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The Collaborative International Dictionary
Chanson

Chanson \Chan"son\, n. [F., fr. L. cantion song. See Cantion, Canzone.] A song.
--Shak. [1913 Webster] ||

Douglas Harper's Etymology Dictionary
chanson

c.1600, from French chanson, from Old French chançon "song, epic poem" (12c.), from Latin cantionem (nominative cantio) "song," from past participle stem of canere (see chant (v.)).\n

Wiktionary
chanson

n. 1 Any song with French words, but more specifically classic, lyric-driven French songs. 2 (context obsolete English) A religious song.

WordNet
Wikipedia
Chanson

A chanson (, " song", from Latin cantio, gen. cantionis) is in general any lyric-driven French song, usually polyphonic and secular. A singer specializing in chansons is known as a "chanteur" (male) or " chanteuse" (female); a collection of chansons, especially from the late Middle Ages and Renaissance, is also known as a chansonnier.

Chanson (disambiguation)

Chanson ( French for "song") can refer to:

Chanson (band)

Chanson was an American studio based disco group from the late 1970s, led by James Jamerson, Jr. (son of the legendary Motown sideman, James Jamerson) and David Williams. The group took their name from the French word for song. They were a one-hit wonder, reaching #21 on the Billboard Hot 100 chart in 1979 with "Don't Hold Back", on the Ariola record label. The same track reached number 33 in the UK Singles Chart, in January 1979.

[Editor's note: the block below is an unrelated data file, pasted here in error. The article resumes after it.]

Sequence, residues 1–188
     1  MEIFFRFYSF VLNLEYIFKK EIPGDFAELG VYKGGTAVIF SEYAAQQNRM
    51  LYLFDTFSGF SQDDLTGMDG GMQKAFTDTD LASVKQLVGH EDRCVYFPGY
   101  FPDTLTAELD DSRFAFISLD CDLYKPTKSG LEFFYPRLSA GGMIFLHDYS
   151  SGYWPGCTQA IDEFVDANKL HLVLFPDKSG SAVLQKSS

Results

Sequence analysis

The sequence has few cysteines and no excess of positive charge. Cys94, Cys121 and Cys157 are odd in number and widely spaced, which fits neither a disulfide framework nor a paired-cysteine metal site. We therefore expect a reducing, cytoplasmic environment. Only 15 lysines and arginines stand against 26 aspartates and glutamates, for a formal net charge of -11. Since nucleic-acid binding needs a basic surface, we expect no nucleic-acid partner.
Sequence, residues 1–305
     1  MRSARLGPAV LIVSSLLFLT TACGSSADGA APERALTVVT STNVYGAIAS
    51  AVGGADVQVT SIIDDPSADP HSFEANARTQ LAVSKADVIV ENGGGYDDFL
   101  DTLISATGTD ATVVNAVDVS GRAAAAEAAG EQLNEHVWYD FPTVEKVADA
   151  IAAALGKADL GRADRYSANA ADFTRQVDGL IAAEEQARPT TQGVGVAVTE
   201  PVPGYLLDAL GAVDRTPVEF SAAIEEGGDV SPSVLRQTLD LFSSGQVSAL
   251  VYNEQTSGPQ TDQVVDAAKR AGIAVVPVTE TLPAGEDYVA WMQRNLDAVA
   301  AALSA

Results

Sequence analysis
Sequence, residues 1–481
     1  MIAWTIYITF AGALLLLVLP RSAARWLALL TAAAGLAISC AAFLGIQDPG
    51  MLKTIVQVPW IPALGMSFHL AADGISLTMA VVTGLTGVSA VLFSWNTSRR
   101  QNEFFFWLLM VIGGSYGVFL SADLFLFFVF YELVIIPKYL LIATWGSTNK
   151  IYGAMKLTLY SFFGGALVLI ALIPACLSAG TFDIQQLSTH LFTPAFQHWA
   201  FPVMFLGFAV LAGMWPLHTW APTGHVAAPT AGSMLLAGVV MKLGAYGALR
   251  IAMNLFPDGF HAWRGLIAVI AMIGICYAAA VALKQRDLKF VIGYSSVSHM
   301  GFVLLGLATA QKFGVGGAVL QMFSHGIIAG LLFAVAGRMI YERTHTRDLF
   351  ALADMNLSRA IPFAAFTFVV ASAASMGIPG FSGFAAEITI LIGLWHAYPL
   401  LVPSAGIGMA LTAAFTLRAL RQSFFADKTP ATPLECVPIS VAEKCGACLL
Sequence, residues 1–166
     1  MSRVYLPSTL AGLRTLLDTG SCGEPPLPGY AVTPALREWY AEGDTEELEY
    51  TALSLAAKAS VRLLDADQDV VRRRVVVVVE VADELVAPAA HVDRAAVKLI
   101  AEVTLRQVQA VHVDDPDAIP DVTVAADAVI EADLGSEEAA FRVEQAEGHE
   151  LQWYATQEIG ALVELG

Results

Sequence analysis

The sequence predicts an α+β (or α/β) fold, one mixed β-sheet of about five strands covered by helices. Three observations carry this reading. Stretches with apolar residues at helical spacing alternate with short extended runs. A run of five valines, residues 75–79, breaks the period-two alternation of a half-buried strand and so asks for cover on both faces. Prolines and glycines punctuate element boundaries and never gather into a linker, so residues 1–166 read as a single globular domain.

Usage examples of "chanson".

And yet he is wonderfully near us, whereas he is separated by a great gulf from the rude trouveres of the Chansons de Gestes and from the Anglo-Saxon Chronicle, which was still dragging out its weary length in his early days.

Perhaps she still thought of his romances, and his chansons, and his fine, smooth words, and missed them.

The light returned to Sebastian's eyes as a chorus from La Chanson de Fortunio forced its way into his head.

When an infant, they gave him for governor the vainest, most coxcombical, stupidest of men--the duc de Villeroi, who had so well served the king (si bien servi le roi),*       * The countess alludes to the chanson written, after his famous defeat, "Villeroi, Villeroi a fort bien servi le roi.

I earned my passage recalling my days as a jongleur with the goliards, reciting tales fromLa Chanson de Roland and entertaining the crew at their meals with raucous jokes.

As if there had been a Chanson de Roland in which Roland died under a pine, and another in which he became king of France at the death of Charles, using Ganelon’.

I wondered whether I should just translate ``Le Chanson de Roland'' into the clipped cadences of a Second World War officer and pass it off as a modern comment on war rather than attempting the great original task ahead of me.

If I heard you without being made helpless by amazement, ’tis because I have myself speculated that another Earth such as you describe might indeed exist, and be the source of myths and legends, such as those told of Frederik Barbarossa, or the great epical chansons about the Emperor Napoleon and his heroes.

Just an outlying knight bachelor, no chansons about me for the minstrels to sing, or any- thing like that.